It is also one of the most unusual and complex rock and roll songs ever to become a hit. It has no chorus, and consists of several sections: a ballad segment ending with a guitar solo, an operatic passage, and a hard rock section. At the time, it was the most expensive single ever made and it remains one of the most elaborate recordings in popular music history.
All piano, bass and drum parts, as well as the vocal arrangements, were thought up by Mercury on a daily basis and written down “in blocks” on a phonebook. The other members of Queen recorded their respective instruments for each “section” of the song with no concept of what the final mix would sound like. The sections were held together by a drum click to keep all layers synchronized The now famous operatic section was originally intended to be only a short interlude of “Galileos” that connected the ballad and hard rock portions of the song.
The entire piece took three weeks to record, and in some sections featured 180 separate overdubs. Since the studios of the time only offered 24-track analogue tape, it was necessary for the three to overdub themselves many times and “bounce” these down to successive sub-mixes. Mercury, May and Taylor reportedly sang their vocal parts continually for ten to twelve hours a day.
Mercury wrote most of “Bohemian Rhapsody” at his home in Holland Road, Kensington, in west London. Much of Queen’s material was written in the studio according to Brian May, but this song “was all in Freddie’s mind” before they started., Judith Peraino said that “Mercury intended… [this song] to be a ‘mock opera’, something outside the norm of rock songs, and it does follow a certain operatic logic: choruses of multi-tracked voices alternate with aria-like solos, the emotions are excessive, the plot confusing.”
Mercury refused to explain his lyrics other than saying it was about relationships. “It’s one of those songs which has such a fantasy feel about it. I think people should just listen to it, think about it, and then make up their own minds as to what it says to them … it didn’t just come out of thin air. I did a bit of research although it was tongue-in-cheek and mock opera. Why not?”
Brian May supports suggestions that the song contained veiled references to Mercury’s personal traumas. He recalls “Freddie was a very complex person: flippant and funny on the surface, but he concealed insecurities and problems in squaring up his life with his childhood. He never explained the lyrics, but I think he put a lot of himself into that song.” In a BBC Three documentary about the making of “Bohemian Rhapsody”, Roger Taylor maintains that the true meaning of the song is “fairly self-explanatory with just a bit of nonsense in the middle.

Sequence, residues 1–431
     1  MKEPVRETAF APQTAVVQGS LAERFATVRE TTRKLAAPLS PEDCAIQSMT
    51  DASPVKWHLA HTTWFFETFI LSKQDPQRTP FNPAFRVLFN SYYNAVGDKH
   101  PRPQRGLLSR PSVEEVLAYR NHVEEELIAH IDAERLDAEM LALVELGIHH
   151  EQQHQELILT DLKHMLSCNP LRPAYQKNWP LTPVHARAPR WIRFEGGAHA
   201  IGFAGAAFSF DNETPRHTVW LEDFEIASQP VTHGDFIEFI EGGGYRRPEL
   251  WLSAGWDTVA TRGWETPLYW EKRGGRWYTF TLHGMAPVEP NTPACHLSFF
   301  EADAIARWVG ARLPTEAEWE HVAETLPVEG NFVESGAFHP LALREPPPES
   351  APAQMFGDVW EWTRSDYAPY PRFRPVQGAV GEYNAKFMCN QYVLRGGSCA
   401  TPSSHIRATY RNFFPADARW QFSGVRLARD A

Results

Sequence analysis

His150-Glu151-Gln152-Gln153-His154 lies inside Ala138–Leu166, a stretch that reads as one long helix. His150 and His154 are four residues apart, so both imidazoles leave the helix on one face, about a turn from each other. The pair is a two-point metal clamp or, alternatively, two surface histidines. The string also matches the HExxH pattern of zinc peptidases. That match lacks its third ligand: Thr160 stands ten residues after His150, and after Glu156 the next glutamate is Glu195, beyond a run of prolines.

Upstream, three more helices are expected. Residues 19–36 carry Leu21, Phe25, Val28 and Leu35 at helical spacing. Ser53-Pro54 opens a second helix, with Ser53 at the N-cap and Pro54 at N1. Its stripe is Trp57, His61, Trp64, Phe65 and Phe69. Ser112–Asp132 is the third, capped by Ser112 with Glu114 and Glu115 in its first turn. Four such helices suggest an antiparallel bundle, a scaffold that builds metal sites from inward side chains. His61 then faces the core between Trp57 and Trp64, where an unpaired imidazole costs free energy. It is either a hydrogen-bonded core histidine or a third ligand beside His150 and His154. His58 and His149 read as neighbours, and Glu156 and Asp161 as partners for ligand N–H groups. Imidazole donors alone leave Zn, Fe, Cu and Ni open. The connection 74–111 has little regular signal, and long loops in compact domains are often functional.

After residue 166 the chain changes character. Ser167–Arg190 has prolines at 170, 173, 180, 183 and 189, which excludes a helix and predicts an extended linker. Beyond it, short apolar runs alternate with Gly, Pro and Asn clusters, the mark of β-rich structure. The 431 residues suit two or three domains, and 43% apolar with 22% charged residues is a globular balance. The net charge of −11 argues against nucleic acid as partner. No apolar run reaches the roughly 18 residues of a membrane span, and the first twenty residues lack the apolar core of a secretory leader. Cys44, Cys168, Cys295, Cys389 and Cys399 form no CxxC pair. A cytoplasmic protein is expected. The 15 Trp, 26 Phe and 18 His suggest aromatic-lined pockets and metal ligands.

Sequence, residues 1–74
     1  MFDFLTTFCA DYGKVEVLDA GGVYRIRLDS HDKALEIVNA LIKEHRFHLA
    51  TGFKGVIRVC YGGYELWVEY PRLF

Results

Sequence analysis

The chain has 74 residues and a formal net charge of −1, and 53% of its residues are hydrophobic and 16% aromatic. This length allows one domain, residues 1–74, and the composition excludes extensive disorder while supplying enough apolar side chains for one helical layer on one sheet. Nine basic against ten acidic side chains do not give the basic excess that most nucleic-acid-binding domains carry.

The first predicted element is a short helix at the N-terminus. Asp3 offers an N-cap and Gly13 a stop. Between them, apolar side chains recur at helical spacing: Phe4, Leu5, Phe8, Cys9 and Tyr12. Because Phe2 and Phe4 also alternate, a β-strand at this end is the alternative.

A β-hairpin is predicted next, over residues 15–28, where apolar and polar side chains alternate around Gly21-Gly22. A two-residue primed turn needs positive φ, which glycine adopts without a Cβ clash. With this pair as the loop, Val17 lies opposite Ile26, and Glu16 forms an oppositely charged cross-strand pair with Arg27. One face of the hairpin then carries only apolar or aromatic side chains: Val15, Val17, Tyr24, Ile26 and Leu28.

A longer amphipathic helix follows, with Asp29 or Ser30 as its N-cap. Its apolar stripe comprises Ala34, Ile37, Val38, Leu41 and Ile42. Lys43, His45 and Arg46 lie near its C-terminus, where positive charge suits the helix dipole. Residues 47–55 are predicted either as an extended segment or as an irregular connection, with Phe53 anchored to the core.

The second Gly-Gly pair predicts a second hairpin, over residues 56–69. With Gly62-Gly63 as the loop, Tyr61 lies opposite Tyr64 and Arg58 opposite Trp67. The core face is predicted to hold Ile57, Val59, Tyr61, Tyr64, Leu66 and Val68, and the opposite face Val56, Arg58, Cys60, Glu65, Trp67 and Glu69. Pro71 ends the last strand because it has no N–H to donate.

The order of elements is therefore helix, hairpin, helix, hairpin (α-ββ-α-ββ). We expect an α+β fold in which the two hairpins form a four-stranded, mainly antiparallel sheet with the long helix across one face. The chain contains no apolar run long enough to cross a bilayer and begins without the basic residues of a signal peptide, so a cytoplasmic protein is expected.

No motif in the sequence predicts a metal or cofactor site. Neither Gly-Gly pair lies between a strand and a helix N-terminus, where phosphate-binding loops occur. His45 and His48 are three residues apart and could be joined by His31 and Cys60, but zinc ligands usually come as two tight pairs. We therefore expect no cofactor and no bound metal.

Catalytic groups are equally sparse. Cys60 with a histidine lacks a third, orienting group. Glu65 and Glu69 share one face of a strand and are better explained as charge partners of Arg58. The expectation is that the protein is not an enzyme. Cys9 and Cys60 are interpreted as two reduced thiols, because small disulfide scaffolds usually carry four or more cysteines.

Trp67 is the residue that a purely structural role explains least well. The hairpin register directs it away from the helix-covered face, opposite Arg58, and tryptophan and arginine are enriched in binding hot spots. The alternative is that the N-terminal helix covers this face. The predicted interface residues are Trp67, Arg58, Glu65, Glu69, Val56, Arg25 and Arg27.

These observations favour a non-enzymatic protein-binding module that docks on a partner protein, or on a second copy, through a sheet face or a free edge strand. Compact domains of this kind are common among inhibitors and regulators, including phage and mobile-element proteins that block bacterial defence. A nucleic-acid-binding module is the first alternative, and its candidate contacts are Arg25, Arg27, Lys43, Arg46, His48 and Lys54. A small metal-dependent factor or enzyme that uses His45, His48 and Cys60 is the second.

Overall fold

Basically, “Bohemian Rhapsody” is about a young man who has accidentally kills someone and, like Faust, sold his soul to the devil. On the night before his execution, he calls for God in Arabic, “Bismillah”, and with the help of angels, regains his soul from Shaitan.
Still others interpreted them as Mercury’s way of dealing with personal issues. Music scholar Sheila Whiteley observes that Mercury reached a turning point in his personal life in the year he wrote “Bohemian Rhapsody”. He had been living with Mary Austin for seven years but had just embarked on his first gay love affair. She suggests that the song provides an insight into Mercury’s emotional state at the time, “living with Mary (‘Mamma’, as in Mother Mary) and wanting to break away (‘Mamma Mia let me go’).”
The a cappella opening was too complex to perform live, mainly the operatic middle section proved a problem. Because of extensive multi-tracking, it could not be performed on stage. Starting in 1977 the band adopted their lasting way of playing the song live. The opening ballad section would be played live on stage, and after Brian May’s guitar solo, the lights would go down, the band would leave the stage, and the operatic section would be played from tape, while stage lights provided a light show based around the voices of the opera section. A blast of pyrotechnics after Roger Taylor’s high note on the final “for me” would announce the band’s return for the hard rock section and closing ballad.
12. God Save the Queen
Brian May recorded the anthem in 1974 before their Sheer Heart Attack tour. He played a guide piano which was edited out later and added several layers of guitars. Guitar layering is one of May’s distinctive techniques as a rock guitarist. He has said that the technique was developed whilst looking for a violin sound. After the song was completed it was played as an outro at virtually every concert while the band was taking their bows. May has stated that he performed the song on roof of Buckingham Palace as an homage to Jimi Hendrix’s version of “The Star-Spangled Banner.”
A Night At The Opera by Queen
Freddie Mercury – vocals, vocals, Bechstein Debauchery, and more vocals, jangle piano and vocal orchestration of woodwinds on Seaside Rendezvous, operatic vocals on Bohemian Rhapsody.
Brian May – guitars, orchestral backdrops, vocals, lead vocals on ‘39 and Good Company, toy koto on The Prophets Song, orchestral harp on Love Of My Life, genuine ‘aloha’ ukulele (made in Japan) and guitar jazz band on Good Company, operatic vocals on Bohemian Rhapsody.
Roger Taylor – drums, percussion, vocals, lead vocals on I’m In Love With My Car, bass drum and tambourine on ’39, vocal orchestrations of brass on Seaside Rendezvous, operatic vocals on Bohemian Rhapsody, timpani and gong on Bohemian Rhapsody and God Save The Queen, orchestral cymbals on God Save The Queen.
John Deacon – bass guitar, electric piano on You’re My Best Friend, double bass on ’39.
Produced by: Queen and Roy Thomas Baker.
Recorded: August – November 1975 at Sarm Studios, Olympic Studios, Scorpio Studios, Lansdowne Studios, Roundhouse Studios, London; Rockfield Studios, Monmouth. (God Save The Queen recorded July – October 1974 at Wessex Studios.)